Published December 18, 2020
These Old Bones Will Tell Your Story
He’s been dead for about 13,000 years and only been out of the ground for 22, but Fred the Buesching Mastodon still has stories to tell to help us understand the earth’s past.
In his latest helpful venture, the Indiana State Museum’s popular mastodon has helped an international group of scientists learn more about how—and why—mastodons moved across what is now Mexico, the United States and Canada, and why the extreme northern populations, with lower levels of genetic diversity, failed to survive.
The first large-scale genetic study of American mastodons, using DNA from Fred and 34 other animals, found that mastodons migrated much greater distances than researchers had initially thought, largely driven by changing climates.
The findings were first reported in the journal Nature Communications. The paper, written by four scientists at McMaster University in Ontario, Canada, and 15 other collaborating authors and researchers from Canada, the United States, Mexico and Australia, was facilitated with the support of many museums and research institutions that provided specimens for the study.
“This information is important because a lot of this ties into learning patterns of movements – why and where animals move when facing changing climatic conditions,” Indiana State Museum and Historic Sites Senior Research Curator of Paleobiology Ron Richards said. “If we start looking today at changing climates, we can begin to predict what’s going to happen with a lot of the wildlife communities – plants and animals. If it’s happened in the past, we can use that as a model for the present and future.”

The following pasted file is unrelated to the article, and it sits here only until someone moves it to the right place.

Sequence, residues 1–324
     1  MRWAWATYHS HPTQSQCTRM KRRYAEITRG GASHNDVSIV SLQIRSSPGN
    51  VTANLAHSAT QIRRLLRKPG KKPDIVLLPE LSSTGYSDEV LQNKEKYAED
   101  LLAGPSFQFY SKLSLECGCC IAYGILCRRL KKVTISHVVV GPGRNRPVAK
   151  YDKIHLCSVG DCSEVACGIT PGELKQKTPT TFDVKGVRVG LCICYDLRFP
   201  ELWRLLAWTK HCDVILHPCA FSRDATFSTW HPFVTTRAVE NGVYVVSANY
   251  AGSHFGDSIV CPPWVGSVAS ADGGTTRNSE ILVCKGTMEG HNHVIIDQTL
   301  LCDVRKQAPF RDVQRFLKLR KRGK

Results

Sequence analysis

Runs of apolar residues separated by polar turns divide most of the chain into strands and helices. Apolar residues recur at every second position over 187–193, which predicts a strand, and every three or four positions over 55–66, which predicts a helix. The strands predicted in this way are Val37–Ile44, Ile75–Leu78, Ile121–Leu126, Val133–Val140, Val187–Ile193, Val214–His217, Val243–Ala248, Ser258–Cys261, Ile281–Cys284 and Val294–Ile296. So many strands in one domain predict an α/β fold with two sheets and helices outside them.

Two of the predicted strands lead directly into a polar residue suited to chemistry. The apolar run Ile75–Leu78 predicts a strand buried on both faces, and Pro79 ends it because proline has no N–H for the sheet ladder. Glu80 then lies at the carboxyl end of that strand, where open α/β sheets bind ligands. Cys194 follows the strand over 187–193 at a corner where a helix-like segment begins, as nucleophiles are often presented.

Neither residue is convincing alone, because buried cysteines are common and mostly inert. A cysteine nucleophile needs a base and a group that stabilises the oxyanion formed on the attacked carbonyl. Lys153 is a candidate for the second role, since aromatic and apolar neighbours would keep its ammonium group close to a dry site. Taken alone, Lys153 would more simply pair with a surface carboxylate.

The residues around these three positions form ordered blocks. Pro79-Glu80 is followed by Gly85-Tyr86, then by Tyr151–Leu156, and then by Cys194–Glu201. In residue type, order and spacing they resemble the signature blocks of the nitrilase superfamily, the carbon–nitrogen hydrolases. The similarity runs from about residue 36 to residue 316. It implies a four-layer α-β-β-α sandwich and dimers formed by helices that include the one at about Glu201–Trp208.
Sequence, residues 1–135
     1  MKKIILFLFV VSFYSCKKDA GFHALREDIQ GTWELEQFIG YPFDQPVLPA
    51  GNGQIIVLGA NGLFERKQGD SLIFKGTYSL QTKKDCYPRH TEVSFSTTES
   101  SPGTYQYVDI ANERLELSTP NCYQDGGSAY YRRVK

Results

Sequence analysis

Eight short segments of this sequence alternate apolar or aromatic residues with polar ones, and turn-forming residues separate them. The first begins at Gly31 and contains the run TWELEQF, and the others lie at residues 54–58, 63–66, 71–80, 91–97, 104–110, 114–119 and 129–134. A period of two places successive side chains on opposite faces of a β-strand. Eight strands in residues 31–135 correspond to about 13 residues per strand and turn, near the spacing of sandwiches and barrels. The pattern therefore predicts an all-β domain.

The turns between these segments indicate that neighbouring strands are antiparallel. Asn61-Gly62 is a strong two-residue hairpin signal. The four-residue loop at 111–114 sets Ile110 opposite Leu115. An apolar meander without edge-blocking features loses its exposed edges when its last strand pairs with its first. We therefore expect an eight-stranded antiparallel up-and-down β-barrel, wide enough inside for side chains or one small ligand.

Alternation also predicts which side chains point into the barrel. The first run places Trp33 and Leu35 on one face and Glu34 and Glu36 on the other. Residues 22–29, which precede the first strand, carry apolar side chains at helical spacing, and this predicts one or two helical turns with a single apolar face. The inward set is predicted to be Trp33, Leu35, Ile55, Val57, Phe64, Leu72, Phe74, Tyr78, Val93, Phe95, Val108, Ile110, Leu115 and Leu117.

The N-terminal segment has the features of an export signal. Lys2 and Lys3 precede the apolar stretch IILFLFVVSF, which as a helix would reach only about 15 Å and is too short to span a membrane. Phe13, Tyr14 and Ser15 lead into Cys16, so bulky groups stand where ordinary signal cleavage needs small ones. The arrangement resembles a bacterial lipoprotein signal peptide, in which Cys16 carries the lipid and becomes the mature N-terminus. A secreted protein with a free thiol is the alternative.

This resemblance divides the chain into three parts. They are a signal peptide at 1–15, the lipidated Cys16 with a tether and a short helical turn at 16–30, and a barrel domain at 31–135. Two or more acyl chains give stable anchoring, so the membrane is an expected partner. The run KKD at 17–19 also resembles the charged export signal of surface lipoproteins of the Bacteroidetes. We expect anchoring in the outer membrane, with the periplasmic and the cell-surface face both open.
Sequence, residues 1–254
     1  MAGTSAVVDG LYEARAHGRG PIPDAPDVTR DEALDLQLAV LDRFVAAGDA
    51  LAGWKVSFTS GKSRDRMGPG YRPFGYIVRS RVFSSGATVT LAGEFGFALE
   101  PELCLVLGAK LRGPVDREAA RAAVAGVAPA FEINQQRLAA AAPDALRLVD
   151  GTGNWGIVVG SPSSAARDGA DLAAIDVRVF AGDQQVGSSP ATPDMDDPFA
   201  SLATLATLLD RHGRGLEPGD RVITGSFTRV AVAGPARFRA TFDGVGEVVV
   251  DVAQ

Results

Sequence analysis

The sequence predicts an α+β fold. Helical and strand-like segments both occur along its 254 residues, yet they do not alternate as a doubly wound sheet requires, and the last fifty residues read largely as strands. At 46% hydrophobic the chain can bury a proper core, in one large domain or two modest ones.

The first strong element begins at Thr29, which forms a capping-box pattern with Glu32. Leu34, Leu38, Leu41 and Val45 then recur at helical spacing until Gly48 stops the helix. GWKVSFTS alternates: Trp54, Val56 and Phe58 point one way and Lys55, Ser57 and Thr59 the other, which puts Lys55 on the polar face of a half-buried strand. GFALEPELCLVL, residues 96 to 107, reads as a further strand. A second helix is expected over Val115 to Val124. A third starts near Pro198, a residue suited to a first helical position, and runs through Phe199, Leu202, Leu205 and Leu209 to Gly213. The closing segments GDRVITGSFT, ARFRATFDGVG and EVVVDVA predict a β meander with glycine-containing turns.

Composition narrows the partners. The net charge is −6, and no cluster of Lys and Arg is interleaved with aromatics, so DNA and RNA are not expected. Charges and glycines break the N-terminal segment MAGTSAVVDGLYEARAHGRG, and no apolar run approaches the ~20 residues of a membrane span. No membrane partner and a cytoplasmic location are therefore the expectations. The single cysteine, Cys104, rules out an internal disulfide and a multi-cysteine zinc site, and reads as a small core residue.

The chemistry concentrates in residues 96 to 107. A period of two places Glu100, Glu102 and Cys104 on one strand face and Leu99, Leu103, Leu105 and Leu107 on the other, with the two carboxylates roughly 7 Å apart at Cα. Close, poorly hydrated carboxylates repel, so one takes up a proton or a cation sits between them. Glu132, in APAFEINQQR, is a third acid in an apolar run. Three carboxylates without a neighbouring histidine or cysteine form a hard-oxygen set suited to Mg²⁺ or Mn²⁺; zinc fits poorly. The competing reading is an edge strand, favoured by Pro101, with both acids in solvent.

Fred was found on the Buesching’s Peat Moss & Mulch Inc. property outside Fort Wayne in 1998 when they were mining for peat. Archaeologists from Indiana University Purdue University-Fort Wayne dug up his bones, and the Buesching family turned them over to University of Michigan Paleontologist Daniel Fisher, who extracted the sample that was used in the DNA study.
Fisher also determined that Fred was 33 when he died, probably from a tusk wound from another mastodon. (Museum visitors can see the hole under Fred’s skull. Fred can be found on the first floor of the museum next to Frozen Reign: A State of Change.)
The Indiana State Museum and Historic Sites secured Fred from the Buesching family in 2006 and spent more than a year having him mounted and prepared to be exhibited. His skeleton, which is about 9 feet tall and 25 feet long, has been on display since 2013.
Meanwhile, Fisher continues to work with Fred’s remains. A future study will reveal when and where Fred lived as an adolescent and as an adult male.
“Indiana has produced a lot of mastodon remains,” Richards said. “I’m very excited that an Indiana specimen that is here on display is making a contribution to the increasing wealth of global scientific knowledge.”